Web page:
International AIDS Conference Poised for Kick Off
Barrington M. Salmon | , WI Staff Writer | 7/18/2012, 5:21 p.m.
"This is a medical, high-level conference with [high level participation], community involvement and a combination of individuals from all over the world," Havlir said.
Havlir said implementation of treatment and other strategies, along with some very positive medical advances in HIV treatment and biomedical prevention recently means that the momentum has shifted in favor of decisively stamping out the disease.
She said new data and dialogue on PrEp will likely be an integral part of any treatment regime. PrEP is short for PreExposure Prophylaxis, and according to the Centers for Disease Control and Prevention [CDC], may be part of comprehensive HIV prevention services for those who are high-risk HIV-negative individuals. If they take antiretrovirals everyday, it will lower their chances of becoming infected if they're exposed to HIV. So far, PrEP has been very effective for men who have sex with men [MSM] and heterosexual men and women.
She suggested broader wrap-around services for those living with HIV/AIDS, increased screenings for diseases such as diabetes and hypertension and even greater focus on curbing the growth of the pandemic among populations such as African-American men who sleep with men, drug users, pregnant women and male and female sex workers.
"There are novel ways to treat HIV," Havlir explained. "There are new drugs and technologies, new TB drugs, all of which is extraordinarily exciting."
Chris Beyrer, a professor of epidemiology at Johns Hopkins University in Baltimore, concurred.
"Now we have tremendous new tool kits, a better understanding and new technologies," he said. "Implementation is very important. He credited the U.S. President's Emergency Plan for AIDS Relief [PEPFAR] and similar programs with facilitating the widespread treatment of those living with HIV and treatment prevention.
"Now we have all the pieces to say that we have an AIDS-free generation," he said. "We're facing a tough global economic climate, a decline in donor interest and a decline in media interest. A real concern is that we will not go the last mile."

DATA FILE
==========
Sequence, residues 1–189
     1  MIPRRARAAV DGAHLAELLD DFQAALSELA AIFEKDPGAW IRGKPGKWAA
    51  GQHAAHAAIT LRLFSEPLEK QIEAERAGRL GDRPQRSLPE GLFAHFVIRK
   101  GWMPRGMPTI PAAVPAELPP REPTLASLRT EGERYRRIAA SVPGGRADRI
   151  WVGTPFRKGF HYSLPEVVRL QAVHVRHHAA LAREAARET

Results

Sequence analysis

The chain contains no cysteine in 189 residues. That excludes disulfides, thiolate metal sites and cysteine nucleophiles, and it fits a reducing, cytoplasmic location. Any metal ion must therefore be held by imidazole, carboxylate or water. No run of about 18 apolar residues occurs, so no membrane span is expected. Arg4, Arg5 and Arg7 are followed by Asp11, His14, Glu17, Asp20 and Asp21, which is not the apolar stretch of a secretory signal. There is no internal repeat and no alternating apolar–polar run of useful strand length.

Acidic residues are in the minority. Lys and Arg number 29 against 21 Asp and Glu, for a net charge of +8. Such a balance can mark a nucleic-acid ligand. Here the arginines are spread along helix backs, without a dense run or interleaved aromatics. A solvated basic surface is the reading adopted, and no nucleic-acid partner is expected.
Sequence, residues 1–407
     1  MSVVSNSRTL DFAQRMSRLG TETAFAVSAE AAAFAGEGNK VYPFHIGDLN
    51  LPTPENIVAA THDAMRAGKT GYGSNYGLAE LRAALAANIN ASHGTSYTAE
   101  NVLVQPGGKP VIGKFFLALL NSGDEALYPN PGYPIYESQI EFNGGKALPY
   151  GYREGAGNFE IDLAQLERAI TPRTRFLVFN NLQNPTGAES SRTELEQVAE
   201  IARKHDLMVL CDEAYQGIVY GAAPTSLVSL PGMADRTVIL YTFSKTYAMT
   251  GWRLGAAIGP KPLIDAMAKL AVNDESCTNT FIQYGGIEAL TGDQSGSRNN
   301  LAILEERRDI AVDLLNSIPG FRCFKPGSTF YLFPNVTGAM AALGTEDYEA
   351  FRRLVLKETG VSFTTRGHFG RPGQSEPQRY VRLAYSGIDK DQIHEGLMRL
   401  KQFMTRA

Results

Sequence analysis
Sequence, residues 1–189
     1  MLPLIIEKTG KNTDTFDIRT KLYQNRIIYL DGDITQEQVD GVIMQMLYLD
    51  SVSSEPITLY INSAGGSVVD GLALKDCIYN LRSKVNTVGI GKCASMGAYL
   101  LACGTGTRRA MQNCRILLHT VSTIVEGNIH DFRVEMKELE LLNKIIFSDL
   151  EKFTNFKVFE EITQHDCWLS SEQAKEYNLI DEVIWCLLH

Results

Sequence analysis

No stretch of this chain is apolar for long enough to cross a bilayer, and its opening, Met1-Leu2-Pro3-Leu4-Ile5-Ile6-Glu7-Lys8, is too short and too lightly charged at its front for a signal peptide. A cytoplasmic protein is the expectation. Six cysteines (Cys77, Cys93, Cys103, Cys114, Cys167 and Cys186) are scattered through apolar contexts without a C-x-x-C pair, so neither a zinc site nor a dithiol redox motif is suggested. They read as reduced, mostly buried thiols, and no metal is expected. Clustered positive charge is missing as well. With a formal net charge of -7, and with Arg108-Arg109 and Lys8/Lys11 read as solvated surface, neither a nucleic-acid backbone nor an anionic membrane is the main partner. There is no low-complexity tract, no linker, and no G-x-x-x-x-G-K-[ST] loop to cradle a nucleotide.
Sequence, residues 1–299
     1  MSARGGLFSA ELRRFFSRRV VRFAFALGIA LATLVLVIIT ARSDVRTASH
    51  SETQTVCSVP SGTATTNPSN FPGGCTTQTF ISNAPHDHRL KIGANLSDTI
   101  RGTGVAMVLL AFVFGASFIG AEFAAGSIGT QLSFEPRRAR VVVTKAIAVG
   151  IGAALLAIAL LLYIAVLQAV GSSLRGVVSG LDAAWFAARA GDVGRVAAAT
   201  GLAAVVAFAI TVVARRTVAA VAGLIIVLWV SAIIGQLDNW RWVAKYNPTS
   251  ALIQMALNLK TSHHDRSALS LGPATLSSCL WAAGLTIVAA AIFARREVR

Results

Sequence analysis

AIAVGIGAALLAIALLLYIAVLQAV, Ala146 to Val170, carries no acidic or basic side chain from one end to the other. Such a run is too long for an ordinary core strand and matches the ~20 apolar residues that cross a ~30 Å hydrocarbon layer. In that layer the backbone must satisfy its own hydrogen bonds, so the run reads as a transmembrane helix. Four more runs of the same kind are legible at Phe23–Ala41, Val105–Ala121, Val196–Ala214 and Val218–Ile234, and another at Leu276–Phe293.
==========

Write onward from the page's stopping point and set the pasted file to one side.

International Conference Chair Dr. Elias Katabira agreed.
"In a scenario unthinkable a few years ago, we now have the knowledge to end AIDS in our lifetimes," he said. "Yet at this moment of extraordinary scientific progress and potential, the global response to AIDS faces crippling financial challenges that threaten past success and future progress."
Beyrer spoke of the need for a "reinvigorated response" and explained that some of the keys to that are expanding access to retrovirals, conducting more research, filling the need for more vaccines and a cure, and better drugs with fewer side effects.
"None of this will happen without mobilization, community engagement and protest," he said. "There has to be an enriched response."
Both Havlir and Beyrer said that the rising rates of infection of MSMs or gay or bisexual men is alarming and underscores the severity of the problem for MSMs in the United States, especially in minority communities.
Beyrer suggested a global response of prevention, treatment and cure. He described homophobia as a political and social construct, and said there is still much work to be done.
"It's a very real challenge," he said. "We're not going to turn the tide if any of these populations are excluded."